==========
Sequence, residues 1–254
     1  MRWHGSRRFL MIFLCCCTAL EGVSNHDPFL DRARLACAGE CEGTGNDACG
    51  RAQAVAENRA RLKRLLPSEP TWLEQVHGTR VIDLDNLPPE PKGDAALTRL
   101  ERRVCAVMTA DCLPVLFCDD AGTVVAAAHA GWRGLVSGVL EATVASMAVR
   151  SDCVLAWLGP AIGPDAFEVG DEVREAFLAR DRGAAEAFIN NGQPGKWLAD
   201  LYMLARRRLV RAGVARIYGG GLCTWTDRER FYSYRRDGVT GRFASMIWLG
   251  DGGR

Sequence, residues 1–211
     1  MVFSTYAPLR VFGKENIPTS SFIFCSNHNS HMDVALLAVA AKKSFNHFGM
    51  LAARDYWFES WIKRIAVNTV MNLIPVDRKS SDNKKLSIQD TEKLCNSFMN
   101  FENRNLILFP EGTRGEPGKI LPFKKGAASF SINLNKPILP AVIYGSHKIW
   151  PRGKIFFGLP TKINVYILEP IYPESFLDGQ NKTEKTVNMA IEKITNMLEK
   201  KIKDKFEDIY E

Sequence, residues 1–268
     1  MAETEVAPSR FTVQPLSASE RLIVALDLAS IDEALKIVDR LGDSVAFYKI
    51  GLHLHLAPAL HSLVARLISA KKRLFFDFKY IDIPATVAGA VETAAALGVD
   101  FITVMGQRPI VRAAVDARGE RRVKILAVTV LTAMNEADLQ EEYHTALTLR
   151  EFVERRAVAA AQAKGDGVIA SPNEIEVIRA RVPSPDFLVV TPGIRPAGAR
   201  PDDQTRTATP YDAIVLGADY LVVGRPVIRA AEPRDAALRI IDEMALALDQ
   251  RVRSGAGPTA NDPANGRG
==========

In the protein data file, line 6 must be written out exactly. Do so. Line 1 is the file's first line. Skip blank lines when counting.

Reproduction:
   201  LYMLARRRLV RAGVARIYGG GLCTWTDRER FYSYRRDGVT GRFASMIWLG